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Journal Article

Citation

Janka EA, Vincze F, Adany R, Sandor J. Int. J. Environ. Res. Public Health 2018; 15(2): e15020353.

Affiliation

Department of Preventive Medicine, Faculty of Public Health, University of Debrecen, Debrecen, H-4012, Hungary. sandor.janos@sph.unideb.hu.

Copyright

(Copyright © 2018, MDPI: Multidisciplinary Digital Publishing Institute)

DOI

10.3390/ijerph15020353

PMID

29462940

Abstract

The Roma population is typified by a poor and, due to difficulties in ethnicity assessment, poorly documented health status. We aimed to compare the usefulness of self-reporting and observer-reporting in Roma classification for surveys investigating differences between Roma and non-Roma populations. Both self-reporting and observer-reporting of Roma ethnicity were applied in a population-based health interview survey. A questionnaire was completed by 1849 people aged 18–64 years; this questionnaire provided information on 52 indicators (morbidity, functionality, lifestyle, social capital, accidents, healthcare use) indicators. Multivariate logistic regression models controlling for age, sex, education and employment were used to produce indicators for differences between the self-reported Roma (N = 124) and non-Roma (N = 1725) populations, as well as between observer-reported Roma (N = 179) and non-Roma populations (N = 1670). Differences between interviewer-reported and self-reported individuals of Roma ethnicity in statistical inferences were observed for only seven indicators. The self-reporting approach was more sensitive for two indicators, and the observer-reported assessment for five indicators. Based on our results, the self-reported identity can be considered as a useful approach, and the application of observer-reporting cannot considerably increase the usefulness of a survey, because the differences between Roma and non-Roma individuals are much bigger than the differences between indicators produced by self-reported or observer-reported data on individuals of Roma ethnicity.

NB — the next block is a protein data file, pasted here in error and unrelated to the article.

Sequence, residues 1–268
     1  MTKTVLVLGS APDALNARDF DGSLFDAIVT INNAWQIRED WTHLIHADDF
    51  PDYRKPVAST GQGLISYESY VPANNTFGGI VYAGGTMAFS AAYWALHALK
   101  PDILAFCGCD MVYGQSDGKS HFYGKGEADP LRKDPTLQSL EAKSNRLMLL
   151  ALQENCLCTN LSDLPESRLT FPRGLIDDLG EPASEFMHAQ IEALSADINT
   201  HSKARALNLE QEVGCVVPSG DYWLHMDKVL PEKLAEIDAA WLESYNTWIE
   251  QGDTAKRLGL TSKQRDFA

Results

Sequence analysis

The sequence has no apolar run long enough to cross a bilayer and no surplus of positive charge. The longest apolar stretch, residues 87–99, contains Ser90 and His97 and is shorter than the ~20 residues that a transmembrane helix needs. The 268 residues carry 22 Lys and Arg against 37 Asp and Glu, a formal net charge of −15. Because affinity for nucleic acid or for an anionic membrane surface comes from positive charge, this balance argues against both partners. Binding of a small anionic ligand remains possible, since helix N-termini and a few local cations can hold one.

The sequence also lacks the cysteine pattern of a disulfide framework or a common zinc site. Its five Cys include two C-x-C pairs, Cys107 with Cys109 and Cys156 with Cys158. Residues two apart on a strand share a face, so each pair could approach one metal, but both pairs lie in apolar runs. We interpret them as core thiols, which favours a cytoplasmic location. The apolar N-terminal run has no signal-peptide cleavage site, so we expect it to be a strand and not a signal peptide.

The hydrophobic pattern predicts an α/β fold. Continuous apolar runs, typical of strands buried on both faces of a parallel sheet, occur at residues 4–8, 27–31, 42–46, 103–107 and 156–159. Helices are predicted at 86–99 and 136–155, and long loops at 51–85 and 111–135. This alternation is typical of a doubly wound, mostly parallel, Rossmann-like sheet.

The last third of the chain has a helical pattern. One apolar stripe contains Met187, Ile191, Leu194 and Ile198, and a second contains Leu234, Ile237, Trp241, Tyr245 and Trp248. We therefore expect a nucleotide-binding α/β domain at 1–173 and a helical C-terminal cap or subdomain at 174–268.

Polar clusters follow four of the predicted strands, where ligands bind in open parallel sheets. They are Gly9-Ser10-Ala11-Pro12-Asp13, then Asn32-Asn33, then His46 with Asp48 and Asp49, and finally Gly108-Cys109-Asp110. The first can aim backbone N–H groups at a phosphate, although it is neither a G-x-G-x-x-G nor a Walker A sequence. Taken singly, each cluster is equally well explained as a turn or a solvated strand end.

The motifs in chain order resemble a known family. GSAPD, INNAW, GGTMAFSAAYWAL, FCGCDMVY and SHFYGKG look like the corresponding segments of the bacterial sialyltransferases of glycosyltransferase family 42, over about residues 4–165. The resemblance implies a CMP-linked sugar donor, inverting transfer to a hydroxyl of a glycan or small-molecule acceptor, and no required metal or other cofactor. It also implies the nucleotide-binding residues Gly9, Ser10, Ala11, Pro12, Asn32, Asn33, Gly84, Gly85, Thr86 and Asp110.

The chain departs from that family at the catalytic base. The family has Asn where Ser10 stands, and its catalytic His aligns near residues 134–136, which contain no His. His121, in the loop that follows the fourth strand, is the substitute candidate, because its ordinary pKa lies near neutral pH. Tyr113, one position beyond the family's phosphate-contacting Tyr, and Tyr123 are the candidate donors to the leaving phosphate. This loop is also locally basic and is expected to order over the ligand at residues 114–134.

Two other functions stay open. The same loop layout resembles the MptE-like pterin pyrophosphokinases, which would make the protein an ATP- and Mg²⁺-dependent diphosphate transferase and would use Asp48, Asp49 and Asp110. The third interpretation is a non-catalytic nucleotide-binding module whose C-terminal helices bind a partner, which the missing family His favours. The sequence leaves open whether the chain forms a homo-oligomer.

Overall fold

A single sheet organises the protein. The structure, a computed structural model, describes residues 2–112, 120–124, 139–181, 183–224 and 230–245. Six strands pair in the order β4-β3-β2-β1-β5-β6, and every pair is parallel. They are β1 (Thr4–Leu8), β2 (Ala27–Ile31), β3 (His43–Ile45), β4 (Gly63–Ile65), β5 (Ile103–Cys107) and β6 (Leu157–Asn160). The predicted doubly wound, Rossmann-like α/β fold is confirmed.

Keywords: Roma health; ethnicity assessment; self-reporting; observer-reporting; health interview survey

This is an open access article distributed under the Creative Commons Attribution License which permits unrestricted use, distribution, and reproduction in any medium, provided the original work is properly cited. (CC BY 4.0).


Language: en

Keywords

Roma health; ethnicity assessment; health interview survey; observer-reporting; self-reporting

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